Apr 012015
 
john connell author

Photo by John Minihan

Born in County Longford, where his debut novel is set, John Connell like many Irish before him emigrated to Australia. The success of his short story The Little Black brought him to the attention of Picador Australia publisher of The Ghost Estate. Set during the Celtic Tiger, the novel explores the psychological and emotional “boom and bust” of those reckless times:

“Gerard McQuaid has been waiting for his start in life: his house, his girl, his land. And with rural Ireland being swept up by the Celtic Tiger and villages becoming towns, the electrician’s moment has finally arrived. With the chance to run a big job, McQuaid finds himself on Birchview Manor, a decrepit estate where the dreams of modern Ireland crash up against the weight of history. As McQuaid gets further into the restoration, he falls deeper into the story of the estate’s previous owner, Lord Henry Lefoyle, whose fate begins to loom ghost-like over McQuaid’s own.”

 

 

Gerard Beirne (GB): John, your debut novel, Ghost Estate, somewhat unusually for an Irish writer is being published in Australia (Picador). How did that come about? Are their plans for it to be published in Ireland or England?

John Connell (JC): Yes it is quite unusual. I was an Irish emigrant living and studying in Australia and wrote a short story which was included in two short story anthologies in the country and happily for me it received quite a bit of attention and a few different publishers approached me with book offers. I decided to go with Picador as they said I could write about whatever I wanted so that was a really great gift. I have just engaged an agent at the moment who is looking to see about publishing the book in UK/Irl and other regions. So hopefully 2015 will see the Ghost Estate get an Irish release.

GB: Tens of thousands of Irish have move to Australia in the last decade with many staying on to become permanent residents or citizens? Why did you move there and do you intend on staying?

JC: I went to Australia as an exchange student studying journalism, I was then offered to finish my degree there and did my final degree project on the aboriginal communities in remote Australia and produced an investigative radio documentary, That piece won a journalism award and secured me work with ABC the national broadcaster. I had only ever intended on being in Australia for 6 months which later turned into four and a half years before moving to Canada.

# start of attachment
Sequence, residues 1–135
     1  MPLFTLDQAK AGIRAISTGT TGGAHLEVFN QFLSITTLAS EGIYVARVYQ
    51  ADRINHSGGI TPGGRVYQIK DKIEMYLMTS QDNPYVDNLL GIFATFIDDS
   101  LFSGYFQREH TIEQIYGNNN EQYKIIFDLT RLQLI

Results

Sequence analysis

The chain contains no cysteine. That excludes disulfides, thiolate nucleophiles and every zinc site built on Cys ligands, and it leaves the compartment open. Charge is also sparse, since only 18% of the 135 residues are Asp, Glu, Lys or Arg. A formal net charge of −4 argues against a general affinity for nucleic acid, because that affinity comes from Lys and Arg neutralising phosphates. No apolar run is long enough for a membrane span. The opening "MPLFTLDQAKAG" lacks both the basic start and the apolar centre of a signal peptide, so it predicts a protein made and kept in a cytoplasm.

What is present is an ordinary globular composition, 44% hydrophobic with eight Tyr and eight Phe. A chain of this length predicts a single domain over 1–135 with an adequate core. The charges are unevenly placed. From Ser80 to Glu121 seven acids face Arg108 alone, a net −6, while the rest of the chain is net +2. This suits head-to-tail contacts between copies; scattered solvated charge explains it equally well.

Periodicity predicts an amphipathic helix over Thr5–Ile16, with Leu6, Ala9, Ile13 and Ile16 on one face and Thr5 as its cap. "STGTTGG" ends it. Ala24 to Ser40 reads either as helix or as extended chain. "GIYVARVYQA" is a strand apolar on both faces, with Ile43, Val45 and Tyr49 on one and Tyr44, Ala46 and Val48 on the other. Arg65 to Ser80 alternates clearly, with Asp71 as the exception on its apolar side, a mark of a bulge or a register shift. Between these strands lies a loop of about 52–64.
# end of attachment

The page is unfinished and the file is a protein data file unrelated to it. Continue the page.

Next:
GB: Many of those who have emigrated have done so because of Australia’s “booming” economy – having written a novel about the boom and bust in Ireland, do you see any similarities there, any concerns, warning signs?

JC: Ah yes of course, Australia is in a boom and the refugees of the Tiger are driving that boom in so many sectors. In my few years in Australia I saw the price of living increase, the price of houses, the proliferation of money and its wasting, all the hallmarks of a country running away with itself. Australia unlike Ireland has mineral wealth that won’t run out any time soon, but it is dependent on its trade relationship with China, its number one trade partner. In my opinion, Australia won’t crash like Ireland, but it will slow down (and it has started to slow down- I have Irish friends who work on rigs and mines that have been let go with that same slow down). The greed is fairly pronounced there at the moment sadly.

GB: Where was the book written? If Australia, did this make a difference to the writing of the book? If Ireland, was it necessary to go back to Ireland to write it? If both, was this a necessary part of the process and why? 

JC: The book was wrote in Ireland in a portacabin in a field in Longford. It was necessary to write the book in Ireland (I even did the rewrites here). I needed to be in the atmosphere of the place and listening to the local people talk, and I also gained so many stories from local people that ultimately found their way in some form into the book. It would not be the same book if it had been written in Australia. I just actually can’t imagine what it would have been. Ireland was the canvas and the book was the paint if you’ll pardon that bad analogy.

GB: How does the literary world in Australia compare to that in Ireland? — The literary community, the publishing scene, the literature itself? Is there an Irish literary community there?